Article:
• Eggs make for a budget-friendly meal anytime of the day. Omelets can star as a dinner entrée when packed with vegetables and chopped meat or chicken. Add a whole grain wrap, cheese and fresh salsa for a Southwestern spin and red pepper flakes for some additional heat.
    • Soup and crusty bread is a meal when you start with a protein like beans, lentils, meat or chicken. Add some whole grains like barley, brown rice and veggies. And it's quick if you start with a ready-to-use, reduced sodium stock or broth, a can of tomatoes and your favorite seasoning.
    • Serve freshly roasted rotisserie chicken and half of the work is done for you! Add your favorite bagged salad mix and top with flavorful favorites such as gorgonzola, sliced almonds, sprouts and mango, fresh seasonings like cilantro and lime juice and serve with a low-fat vinaigrette. Use remaining meat for savory pulled chicken barbeque sandwiches the next day. Great with a baked sweet potato with a touch of cinnamon and a vegetable.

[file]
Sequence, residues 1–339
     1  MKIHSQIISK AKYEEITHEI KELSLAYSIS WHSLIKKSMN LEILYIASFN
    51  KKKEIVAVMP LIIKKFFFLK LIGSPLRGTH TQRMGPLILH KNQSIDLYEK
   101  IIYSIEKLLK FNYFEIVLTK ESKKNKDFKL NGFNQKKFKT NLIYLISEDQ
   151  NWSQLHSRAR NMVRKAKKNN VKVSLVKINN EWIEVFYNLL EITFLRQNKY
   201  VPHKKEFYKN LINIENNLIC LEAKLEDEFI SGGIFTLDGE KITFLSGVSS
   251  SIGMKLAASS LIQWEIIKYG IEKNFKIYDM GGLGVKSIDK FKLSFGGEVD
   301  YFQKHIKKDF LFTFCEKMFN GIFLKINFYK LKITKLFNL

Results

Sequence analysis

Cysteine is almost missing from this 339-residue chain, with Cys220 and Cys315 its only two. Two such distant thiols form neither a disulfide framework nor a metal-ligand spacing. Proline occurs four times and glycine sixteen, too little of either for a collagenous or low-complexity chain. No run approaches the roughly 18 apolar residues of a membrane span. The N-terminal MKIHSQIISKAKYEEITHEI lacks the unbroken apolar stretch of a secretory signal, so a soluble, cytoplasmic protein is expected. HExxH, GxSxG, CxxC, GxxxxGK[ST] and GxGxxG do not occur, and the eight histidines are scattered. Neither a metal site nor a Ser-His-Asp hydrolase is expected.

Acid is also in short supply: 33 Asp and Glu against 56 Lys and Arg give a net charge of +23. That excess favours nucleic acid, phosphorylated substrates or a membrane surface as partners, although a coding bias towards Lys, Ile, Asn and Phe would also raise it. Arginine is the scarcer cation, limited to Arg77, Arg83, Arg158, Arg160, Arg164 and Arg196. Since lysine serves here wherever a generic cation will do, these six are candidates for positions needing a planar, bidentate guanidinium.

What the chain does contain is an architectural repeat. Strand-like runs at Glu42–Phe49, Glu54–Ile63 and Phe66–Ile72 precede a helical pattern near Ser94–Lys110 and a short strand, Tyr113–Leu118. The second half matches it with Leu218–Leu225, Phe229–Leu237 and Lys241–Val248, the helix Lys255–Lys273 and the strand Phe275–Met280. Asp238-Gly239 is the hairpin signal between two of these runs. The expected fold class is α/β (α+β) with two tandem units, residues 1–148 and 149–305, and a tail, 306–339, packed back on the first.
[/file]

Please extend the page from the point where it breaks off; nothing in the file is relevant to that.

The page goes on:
• Make a meatloaf. Your Giant Eagle Meat Department has blends of ground meat that offer a variety of meal options–try mixing extra lean ground turkey breast with lean ground beef for flavor and nutrition. Serve meatloaf one day and use the leftovers as the base for a Shepherd’s Pie the next day.
    • Fish can be a great value meal! Oven 'fry' by coating firm white fish with crumbs, spraying a cooking sheet and the fish with canola oil-based cooking spray. Bake in a 400°F preheated oven until crispy (15-20 minutes). Add quartered potatoes for oven fries for a tasty and low fat dinner.